Singapore slings13 August 2015
The maiden LEEA Lifting & Rigging Conference Asia took place in Singapore in June. Safe lifting, planning and the importance of standards were all key topics discussed during the successful two-day event
S tarting an event in a country for the first time is always going to prove challenging, especially when time "out of the office" is more valuable than ever. But if the inaugural LEEA Lifting & Rigging Conference Asis is anything to go by, the format is on a sound footing going forward.
The conference, which is organized by Bridger Howes, was particularly relevant for professionals working with overhead cranes, hoists and rigging equipment in onshore, offshore and marine applications Key to the success of any seminar and presentation-led event is ensuring the content on offer is diverse and engaging enough that delegates leave the room educated, informed and entertained
EDUCATION, EDUCATION, EDUCATION
The first day of the event featured a presentation from Mick Hoyle, the crane, rigging and lifting specialist at ExxonMobile, who shared a Safety by Distance concept with delegates, He expertly explained how the concept is based on an ideology that people should always be protected first, not assets. During the day, Simon Chan, managing director subsidiary Singapore, and Hermann Zink, director international projects, co-presented on behalf of Stahl CraneSystems. Their presentation outlined how projects are handled and how complex the relationships between the parties involved and the technologies and systems applied can become. Delegates learned how end users and contractors can uphold safety whilst meeting the other demands of contract fulfilment. Dr Phil Cutter, business development manager at Scotload also addressed the audience.
Other highlights include Bridon International examining how international standards are moving from a product base to an emphasis on safety while Daniel Hall, technical director of CEA Engineering Consult Co will discuss the suitability of specialised lifting equipment on the effectiveness of the industry to progress with technological developments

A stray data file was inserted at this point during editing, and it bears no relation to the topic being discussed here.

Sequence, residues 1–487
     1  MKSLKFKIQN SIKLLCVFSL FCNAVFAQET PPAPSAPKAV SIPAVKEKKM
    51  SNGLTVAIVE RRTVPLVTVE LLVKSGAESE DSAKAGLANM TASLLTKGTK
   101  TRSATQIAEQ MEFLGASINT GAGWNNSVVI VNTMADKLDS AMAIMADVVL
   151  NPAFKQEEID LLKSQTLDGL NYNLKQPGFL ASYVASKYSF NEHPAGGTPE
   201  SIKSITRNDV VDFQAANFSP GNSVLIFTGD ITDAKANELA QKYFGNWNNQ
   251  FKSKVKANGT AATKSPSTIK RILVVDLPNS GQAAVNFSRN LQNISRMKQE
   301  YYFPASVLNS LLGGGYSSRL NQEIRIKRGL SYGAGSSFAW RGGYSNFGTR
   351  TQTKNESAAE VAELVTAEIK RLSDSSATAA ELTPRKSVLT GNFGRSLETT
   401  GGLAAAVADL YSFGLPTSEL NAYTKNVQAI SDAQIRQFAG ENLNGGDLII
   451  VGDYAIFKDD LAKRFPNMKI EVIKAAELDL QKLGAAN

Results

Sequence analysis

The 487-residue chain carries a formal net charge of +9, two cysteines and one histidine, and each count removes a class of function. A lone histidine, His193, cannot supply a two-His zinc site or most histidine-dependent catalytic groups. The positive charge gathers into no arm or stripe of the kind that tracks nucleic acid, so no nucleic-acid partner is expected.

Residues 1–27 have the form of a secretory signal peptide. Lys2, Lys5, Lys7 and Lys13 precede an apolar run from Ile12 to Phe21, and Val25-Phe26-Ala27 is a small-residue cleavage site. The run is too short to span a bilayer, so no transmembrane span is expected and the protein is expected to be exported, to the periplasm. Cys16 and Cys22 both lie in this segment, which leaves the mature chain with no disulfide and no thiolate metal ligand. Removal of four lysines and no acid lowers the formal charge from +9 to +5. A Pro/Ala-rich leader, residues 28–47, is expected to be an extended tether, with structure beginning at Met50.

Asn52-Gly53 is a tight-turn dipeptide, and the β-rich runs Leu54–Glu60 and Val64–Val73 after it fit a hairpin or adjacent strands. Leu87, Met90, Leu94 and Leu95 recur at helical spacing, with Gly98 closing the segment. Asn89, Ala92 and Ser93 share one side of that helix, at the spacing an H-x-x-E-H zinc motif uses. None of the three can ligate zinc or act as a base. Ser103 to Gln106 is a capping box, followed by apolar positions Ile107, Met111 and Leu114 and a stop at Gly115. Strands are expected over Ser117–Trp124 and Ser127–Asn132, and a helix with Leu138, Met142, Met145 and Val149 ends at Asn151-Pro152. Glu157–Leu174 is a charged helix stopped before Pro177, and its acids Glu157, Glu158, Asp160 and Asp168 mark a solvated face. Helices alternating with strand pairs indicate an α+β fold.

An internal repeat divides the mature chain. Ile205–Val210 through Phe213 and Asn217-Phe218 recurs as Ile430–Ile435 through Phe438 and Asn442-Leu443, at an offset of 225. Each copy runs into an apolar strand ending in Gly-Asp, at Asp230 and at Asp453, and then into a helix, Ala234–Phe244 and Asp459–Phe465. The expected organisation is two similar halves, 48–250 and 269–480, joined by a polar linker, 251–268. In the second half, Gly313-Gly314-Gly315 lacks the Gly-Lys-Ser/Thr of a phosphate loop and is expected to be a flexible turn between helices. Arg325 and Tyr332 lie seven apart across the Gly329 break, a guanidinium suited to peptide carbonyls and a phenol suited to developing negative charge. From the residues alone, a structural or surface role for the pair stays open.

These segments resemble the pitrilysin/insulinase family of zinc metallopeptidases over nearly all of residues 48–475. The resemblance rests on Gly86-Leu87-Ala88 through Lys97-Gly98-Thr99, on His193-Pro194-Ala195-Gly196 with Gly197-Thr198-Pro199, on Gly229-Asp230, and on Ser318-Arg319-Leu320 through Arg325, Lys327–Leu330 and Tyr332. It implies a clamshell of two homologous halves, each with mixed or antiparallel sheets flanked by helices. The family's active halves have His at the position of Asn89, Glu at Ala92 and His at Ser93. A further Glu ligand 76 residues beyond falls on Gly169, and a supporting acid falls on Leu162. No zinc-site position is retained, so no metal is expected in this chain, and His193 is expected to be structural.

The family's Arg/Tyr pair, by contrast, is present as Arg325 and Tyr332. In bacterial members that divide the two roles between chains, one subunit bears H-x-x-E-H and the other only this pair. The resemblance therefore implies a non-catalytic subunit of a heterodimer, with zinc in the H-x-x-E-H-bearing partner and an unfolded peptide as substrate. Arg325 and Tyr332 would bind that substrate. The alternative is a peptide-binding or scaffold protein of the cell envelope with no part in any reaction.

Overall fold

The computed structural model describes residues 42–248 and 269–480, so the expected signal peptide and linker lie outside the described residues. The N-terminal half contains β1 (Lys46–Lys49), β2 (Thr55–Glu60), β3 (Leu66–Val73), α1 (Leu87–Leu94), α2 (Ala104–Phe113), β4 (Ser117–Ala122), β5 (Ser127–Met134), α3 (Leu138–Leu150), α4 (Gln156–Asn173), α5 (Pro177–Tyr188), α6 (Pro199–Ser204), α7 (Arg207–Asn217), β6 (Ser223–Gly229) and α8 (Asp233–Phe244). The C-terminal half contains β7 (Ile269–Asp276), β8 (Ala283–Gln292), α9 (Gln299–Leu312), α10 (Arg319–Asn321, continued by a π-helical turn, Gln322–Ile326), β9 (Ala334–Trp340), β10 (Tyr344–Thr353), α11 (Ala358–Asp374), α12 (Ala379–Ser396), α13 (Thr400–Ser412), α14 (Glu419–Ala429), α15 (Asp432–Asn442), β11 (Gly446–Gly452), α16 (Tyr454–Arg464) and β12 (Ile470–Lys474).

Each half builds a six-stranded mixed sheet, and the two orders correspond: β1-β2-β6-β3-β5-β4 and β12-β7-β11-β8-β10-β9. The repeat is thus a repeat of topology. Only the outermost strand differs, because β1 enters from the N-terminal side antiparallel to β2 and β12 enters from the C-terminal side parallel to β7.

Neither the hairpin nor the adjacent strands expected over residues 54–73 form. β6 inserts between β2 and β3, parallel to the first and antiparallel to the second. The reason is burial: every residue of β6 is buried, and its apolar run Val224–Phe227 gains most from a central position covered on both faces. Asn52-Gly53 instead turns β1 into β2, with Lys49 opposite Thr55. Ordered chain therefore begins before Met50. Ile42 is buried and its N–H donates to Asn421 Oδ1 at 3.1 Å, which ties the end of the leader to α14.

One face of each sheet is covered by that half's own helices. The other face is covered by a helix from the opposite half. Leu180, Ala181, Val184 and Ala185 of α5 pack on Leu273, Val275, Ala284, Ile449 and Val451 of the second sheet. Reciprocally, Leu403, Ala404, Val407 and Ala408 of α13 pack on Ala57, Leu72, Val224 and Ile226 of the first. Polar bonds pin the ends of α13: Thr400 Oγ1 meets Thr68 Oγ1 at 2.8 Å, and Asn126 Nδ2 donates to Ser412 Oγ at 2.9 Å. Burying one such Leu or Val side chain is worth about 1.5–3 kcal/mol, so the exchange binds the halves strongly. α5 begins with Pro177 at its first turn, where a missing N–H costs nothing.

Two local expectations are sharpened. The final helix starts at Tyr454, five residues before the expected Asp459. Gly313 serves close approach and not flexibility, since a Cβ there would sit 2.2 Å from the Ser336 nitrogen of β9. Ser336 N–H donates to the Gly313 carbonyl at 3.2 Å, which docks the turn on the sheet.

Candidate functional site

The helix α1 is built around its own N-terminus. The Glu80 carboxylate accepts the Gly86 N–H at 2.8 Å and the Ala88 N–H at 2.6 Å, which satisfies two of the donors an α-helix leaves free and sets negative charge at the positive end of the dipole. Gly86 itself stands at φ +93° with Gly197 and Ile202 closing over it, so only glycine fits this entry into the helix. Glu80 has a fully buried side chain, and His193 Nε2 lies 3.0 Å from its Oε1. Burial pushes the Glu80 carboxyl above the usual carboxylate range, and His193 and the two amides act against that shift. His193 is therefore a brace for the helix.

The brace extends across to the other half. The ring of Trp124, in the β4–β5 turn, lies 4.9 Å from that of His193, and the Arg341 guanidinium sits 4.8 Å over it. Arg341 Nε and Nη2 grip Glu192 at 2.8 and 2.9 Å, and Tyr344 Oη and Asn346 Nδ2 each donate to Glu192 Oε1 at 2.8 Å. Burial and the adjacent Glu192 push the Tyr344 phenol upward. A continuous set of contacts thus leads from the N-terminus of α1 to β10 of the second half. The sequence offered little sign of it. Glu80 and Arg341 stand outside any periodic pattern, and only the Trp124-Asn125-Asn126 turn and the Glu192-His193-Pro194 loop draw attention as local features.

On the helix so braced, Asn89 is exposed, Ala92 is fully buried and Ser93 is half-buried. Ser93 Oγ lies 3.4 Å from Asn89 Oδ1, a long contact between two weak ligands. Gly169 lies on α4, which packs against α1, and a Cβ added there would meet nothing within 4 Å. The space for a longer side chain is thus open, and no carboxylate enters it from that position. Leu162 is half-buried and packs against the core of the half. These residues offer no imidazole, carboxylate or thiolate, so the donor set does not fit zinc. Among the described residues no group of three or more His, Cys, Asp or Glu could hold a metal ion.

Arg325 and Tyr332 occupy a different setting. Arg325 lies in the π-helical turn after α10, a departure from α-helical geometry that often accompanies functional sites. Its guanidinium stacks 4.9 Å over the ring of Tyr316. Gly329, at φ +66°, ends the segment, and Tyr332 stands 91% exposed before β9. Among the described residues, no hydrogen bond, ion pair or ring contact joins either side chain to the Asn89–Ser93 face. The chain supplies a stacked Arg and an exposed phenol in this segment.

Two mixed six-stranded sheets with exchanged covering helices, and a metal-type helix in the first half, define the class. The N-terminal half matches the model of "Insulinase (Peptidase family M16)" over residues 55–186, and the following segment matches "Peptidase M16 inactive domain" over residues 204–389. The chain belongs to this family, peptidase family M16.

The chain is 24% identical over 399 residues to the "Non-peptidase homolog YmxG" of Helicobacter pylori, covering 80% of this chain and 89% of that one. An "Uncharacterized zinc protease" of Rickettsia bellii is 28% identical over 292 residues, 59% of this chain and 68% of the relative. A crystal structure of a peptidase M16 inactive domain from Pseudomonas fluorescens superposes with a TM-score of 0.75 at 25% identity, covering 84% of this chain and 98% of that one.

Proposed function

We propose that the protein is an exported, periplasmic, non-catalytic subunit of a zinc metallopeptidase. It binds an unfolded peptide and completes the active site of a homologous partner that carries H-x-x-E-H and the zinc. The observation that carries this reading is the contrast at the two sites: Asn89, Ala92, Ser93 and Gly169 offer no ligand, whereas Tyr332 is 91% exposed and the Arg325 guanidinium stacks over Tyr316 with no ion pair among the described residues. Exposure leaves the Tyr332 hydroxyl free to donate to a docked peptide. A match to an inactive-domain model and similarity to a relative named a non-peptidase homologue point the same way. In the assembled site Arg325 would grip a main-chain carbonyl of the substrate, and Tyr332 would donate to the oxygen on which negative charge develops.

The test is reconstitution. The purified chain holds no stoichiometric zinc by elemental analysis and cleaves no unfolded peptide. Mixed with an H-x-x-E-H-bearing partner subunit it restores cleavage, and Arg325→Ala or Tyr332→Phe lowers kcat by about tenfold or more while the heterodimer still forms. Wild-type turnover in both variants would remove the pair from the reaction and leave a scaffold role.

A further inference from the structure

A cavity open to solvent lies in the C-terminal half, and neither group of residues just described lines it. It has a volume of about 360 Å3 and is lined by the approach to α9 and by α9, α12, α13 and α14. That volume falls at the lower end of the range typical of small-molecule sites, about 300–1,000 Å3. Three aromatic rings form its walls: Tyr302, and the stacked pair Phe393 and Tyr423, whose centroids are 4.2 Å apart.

Bridon explaine that traditionally, standards have dealt with the product, defining parameters such as material, dimensions and manufacturing methods. However in more recent times the requirements have changed to be one of defining the performance required of the product to ensure its safe operation.
Richard Marcotte, is a trainer and consultant at Industrial Training International. Marcotte engaged delegates with a special workshop for LEEA and shared 10 years of experience working with lifting equipment in oil refinery, construction, steel manufacturing, automotive manufacturing, power generation and other industries.
Day Two highlights included a LEEA presentation on the LEEA Academy and TEAM Card initiatives. Holders of the latter can benefit from a new website that offers rapid online verification of anyone with the TEAM Card. This is registration and identity scheme for workers qualified to test, examine and maintain overhead lifting equipment. he user enters the TEAM Card's unique serial number and company name into an online tool at www.leeaint. com with employers now be able to view a digital copy of the card itself, along with the holder's LEEA diploma qualifications and relevant work experience.